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爱不释手 (can't tear myself away)

As she’s seated by the shoreline, her ankles tickled by the tides, it dawns on her that she’s going to miss this.

Her stomach is in knots and there’s an uncomfortable heat in her chest that seems to crawl to every inch of her body, but the fury of her emotions coupled with the particularly troubled mood of the ocean, she doesn’t feel good. She doesn’t think she can feel good about this, even if she tried, because she looks at Hua who’s lying on the sand beside her, and she doesn’t think there’s anything to love about losing.

Mei looks down at her hands, unfolds her fingers to reveal her palms. She looks at them and the memories etched into the lines sprawled across her skin. She still remembers the feel of the felt tip when a pen was pressed down against it during lessons they were supposed to be writing on paper and not each other, drawings and notes and things as silly as ‘do you want to meet after school?’ and ‘look at the way he’s looking at her!’ She remembers the memories she held in her hands—the first birthday gift she received from Hua, the first time she held Hua’s hand, the first time she held Hua’s face in her hands.

She closes her hand again, and balls it into a fist. She watches as the sand she’d been holding onto squeezes out from between her fingers and pour back onto the ground beneath her. Her heart throbs with the ache of knowing that there’s no future beyond them and tomorrow, but she can’t falter—not now. Not now that they’re here, after fighting so hard to be.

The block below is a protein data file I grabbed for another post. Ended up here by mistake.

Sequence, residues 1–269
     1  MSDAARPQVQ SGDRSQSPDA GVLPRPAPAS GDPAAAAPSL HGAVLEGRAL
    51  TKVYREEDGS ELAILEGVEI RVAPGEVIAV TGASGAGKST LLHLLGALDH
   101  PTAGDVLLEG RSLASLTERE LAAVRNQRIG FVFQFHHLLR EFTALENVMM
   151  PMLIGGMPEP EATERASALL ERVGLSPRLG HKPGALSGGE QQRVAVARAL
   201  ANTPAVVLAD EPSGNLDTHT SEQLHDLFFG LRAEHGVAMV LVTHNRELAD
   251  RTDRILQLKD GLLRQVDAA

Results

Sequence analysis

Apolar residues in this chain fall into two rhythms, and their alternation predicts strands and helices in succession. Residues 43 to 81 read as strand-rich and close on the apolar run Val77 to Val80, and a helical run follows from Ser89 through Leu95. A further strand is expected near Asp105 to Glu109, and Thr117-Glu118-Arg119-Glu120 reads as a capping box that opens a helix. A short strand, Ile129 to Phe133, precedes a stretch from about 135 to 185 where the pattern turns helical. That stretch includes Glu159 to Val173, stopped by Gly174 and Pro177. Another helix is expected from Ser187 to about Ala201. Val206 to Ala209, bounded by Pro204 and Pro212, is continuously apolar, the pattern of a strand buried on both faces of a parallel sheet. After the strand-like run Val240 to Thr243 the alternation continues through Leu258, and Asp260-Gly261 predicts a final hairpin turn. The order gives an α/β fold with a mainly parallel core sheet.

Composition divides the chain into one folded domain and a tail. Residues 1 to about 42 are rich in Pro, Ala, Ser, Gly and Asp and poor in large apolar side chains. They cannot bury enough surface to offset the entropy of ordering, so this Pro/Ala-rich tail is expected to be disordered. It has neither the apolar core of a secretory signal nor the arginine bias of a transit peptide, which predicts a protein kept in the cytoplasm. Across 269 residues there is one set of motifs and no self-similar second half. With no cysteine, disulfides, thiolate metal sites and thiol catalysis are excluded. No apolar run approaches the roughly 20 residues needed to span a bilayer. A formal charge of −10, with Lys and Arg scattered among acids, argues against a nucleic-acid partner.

Her memories wash over his mind like seafoam does on the ocean’s surface, and his eyes cloud with the familiar sensation of nostalgia. She looks at Hua, consumed by guilt and she closes her eyes. She dabs her hand against the rims of her eyes, though it doesn’t ease the sting of tears. “I don’t know why you came out here,” Hua says beside her, like she’s aware—aware that they haven’t been silent even whilst being quiet. Their minds have been speaking for a while. Mei’s eyes have been crying. “I don’t know why you brought me here.”

“I had nothing to say,” she answers. “I just wanted to be with you.”

Hua purses her lips. She has something to say, but she doesn’t. She chooses to look instead, with her hazel eyes that carry so much within them. Looking into them, Mei thinks she might miss them the most—the way they look like liquid honey under the sun, the way they look more like charred wood when they’re sad, the way they look like a milky way of their own under the stars. “No you didn’t,” Hua frowns, looking away. “You’ve been avoiding me.”

Mei doesn’t respond. “It’s not that,” she mumbles, insincere, and doesn’t elaborate.

“Don’t lie to me, Mei,” Hua sighs, holding herself up with her elbows kneading into the soil. She doesn’t turn to look, and instead keeps her eyes on the water. Her dull hair’s speckled with sand in a way that looks like a blanket of stars tucked between gaps in a void, and her face bears a delicate glow that even the sun envies. “We’ve come too far to lie.”

“It doesn’t matter anymore,” Mei replies, looking down at her fingers. She fidgets with them, and there’s a tension in her chest that feels like a string stretched beyond its limit. “There’s no us after tomorrow.”